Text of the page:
Thursday, May 18, 2017

Mystery vs. Mystery

           I was talking with someone a few weeks back about mysteries.  To be honest, she talked. I just got kind of confused.  In fact the more she talked, the more I was baffled.  Her thoughts on mystery were just... well, I couldn’t figure out where she’d gotten them from.
            And then I realized the problem was that she wasn’t talking about mysteries.  Well, she was.  She’d just confused mystery with mystery, and then mixed them up a bit.  It’s a completely understandable mistake.
            It isn’t?
            Okay, then...
            I’ve talked here a few times about mystery, suspense, romance, and comedy.  I’ve also done a few posts about mystery, suspense, romance, and comedy.  And maybe it’s worth clarifying that, because it’d be bad if someone was working on a mystery and tried to follow all the guidelines I’ve tossed down about mysteries.
            Totally confused yet?
            Excellent.
            When I’m talking about mystery versus mystery, I’m talking about a genre versus a literary device.  If it helps, think of sci-fi versus a twist.  It’s a lot clearer that way, yes?
            When I talk about mystery and mystery, I’m talking about two things with very different rules.  We have mystery, the genre, which has some solid guidelines about word count, page length, setting, and so on.  Then there’s mystery, the device I use within my story, where one or more characters are searching for information that’s been hidden from them.  The rules for one aren’t the rules for the other, and if I get them confused, it’s going to cause problems.
             Consider romance. I’ve talked about my world-famous, patent-pending Rules of Love (TM) a few times here, and also about avoiding the common traps of romantic triangles.  My book, The Fold, has a definite romance element that follows these guidelines.
            But... it isn’t a romance novel.  That’s a very different animal.
            Let’s go a little bigger.  I’m going to guess a fair number of you reading this saw Doctor Strange, yes?  Maybe in theaters, maybe through Netflix, maybe you splurged for the 3-D collector's edition BluRay or something.  There were some funny moments in that movie, right?  Usually pertaining to Strange’s complete fish-out-of-water situation when he starts learning sorcery.  There was also that sort of unrequited love angle between him and Christine, never lining up in quite the right way even though it’s clear they both care about each other.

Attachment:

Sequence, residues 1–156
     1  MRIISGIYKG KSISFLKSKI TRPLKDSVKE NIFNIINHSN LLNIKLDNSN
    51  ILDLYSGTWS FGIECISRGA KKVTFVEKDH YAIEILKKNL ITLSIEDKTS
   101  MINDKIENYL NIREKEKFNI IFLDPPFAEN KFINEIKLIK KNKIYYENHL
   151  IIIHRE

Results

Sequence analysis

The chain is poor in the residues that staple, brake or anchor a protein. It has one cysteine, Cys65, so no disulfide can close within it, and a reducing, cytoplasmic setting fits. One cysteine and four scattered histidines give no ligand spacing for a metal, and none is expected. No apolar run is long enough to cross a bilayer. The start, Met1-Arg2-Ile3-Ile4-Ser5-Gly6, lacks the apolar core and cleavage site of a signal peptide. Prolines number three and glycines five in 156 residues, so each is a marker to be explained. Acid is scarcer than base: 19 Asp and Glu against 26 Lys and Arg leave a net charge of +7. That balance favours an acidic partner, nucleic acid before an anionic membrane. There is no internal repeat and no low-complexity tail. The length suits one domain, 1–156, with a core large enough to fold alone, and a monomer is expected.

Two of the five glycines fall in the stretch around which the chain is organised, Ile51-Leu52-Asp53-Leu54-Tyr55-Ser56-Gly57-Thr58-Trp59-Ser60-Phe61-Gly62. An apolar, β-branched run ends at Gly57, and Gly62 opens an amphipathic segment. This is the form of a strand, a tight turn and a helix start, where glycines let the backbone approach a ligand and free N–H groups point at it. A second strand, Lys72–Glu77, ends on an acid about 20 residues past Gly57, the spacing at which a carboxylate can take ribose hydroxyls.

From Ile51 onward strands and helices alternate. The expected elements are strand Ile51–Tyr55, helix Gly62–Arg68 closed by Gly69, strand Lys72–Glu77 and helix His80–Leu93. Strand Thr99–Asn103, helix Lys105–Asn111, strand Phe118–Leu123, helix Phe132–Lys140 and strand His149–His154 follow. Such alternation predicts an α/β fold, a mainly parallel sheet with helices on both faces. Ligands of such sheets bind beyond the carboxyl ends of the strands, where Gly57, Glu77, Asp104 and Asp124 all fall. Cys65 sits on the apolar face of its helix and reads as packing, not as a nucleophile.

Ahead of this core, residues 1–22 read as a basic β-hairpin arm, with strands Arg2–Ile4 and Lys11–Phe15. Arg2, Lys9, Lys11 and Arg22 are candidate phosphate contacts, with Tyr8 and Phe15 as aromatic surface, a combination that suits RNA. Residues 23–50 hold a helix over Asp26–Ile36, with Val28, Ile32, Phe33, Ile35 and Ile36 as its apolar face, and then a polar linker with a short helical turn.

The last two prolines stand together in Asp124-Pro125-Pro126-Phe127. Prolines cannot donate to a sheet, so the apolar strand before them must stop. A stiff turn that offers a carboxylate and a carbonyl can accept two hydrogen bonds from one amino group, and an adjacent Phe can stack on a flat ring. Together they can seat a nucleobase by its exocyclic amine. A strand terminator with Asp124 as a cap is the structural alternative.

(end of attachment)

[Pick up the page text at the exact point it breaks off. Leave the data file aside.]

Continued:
So... is Doctor Strange a rom-com?  It’s got romance.  It’s got comedy.  That’s pretty much the definition of a rom-com, right?
            No, of course not.
            Y’see, Timmy, we recognize there’s more to a genre than just containing a literary device of the same name.  Suspense does not equal suspense, some comedy does not make this a comedy, and the presence of a mystery doesn’t mean my story’s a mystery. And if I get confused about this—if I start mistaking the rules of one for the rules of another (or maybe even mixing and matching like those last few socks on laundry day)—then this is going to cause problems on the writing side and on the business side.
            Now, sure—you wouldn’t make that mistake. You’re clever and you’ve been at this a while now.  But I see this kind of thing happen a lot, especially when people are trying to force a story into a genre where it doesn’t really belong.  A lot of folks do it in an attempt to get someone to read their work. “Someone” might be an agent, an editor, or even just a general audience.  If mysteries are really hot right now, I might be tempted to fudge the description of my story a bit and play up that element—even if said story is nothing like a mystery.
            I believe I’ve mentioned how rarely it goes well when I tell someone they’re getting X and they end up with a few hundred pages of Y, right?
            Genre. Devices. I need to remember which is which. Cause if I don’t, I’m either going to mess up my story... or I’m going to mess up selling my story.
            Speaking of selling stories—another shameless moment. Dead Men Can’t Complain, my first short story collection, comes out as an Audible exclusive next week.  It’s got creepy stuff, exciting stuff, funny stuff, and some never seen (or heard) before stuff.  Check it out.
            Next time, I think I may talk a little bit about dialogue. Or maybe character-building.  If you have a preference—or a different request—let me know.
            For now... go write.

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